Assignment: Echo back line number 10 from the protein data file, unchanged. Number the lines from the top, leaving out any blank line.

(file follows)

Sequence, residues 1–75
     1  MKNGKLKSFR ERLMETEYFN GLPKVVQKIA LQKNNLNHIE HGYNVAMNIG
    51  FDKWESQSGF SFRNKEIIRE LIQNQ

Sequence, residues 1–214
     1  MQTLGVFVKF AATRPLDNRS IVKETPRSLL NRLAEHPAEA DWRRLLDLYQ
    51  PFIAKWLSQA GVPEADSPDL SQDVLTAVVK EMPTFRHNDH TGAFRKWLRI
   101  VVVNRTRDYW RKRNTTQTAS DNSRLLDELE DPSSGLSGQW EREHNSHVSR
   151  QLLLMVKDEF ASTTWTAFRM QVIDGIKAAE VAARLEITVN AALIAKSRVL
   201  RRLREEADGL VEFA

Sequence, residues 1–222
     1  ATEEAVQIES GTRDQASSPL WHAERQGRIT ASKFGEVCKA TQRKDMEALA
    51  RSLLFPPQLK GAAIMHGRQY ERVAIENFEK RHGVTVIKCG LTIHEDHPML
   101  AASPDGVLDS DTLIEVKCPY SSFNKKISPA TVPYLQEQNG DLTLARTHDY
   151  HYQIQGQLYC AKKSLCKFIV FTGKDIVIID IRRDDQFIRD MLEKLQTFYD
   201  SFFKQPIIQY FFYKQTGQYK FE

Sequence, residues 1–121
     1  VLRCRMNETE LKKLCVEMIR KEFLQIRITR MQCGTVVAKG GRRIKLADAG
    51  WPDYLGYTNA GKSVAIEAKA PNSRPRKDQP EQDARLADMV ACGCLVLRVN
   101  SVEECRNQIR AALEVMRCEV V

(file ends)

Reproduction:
Sequence, residues 1–222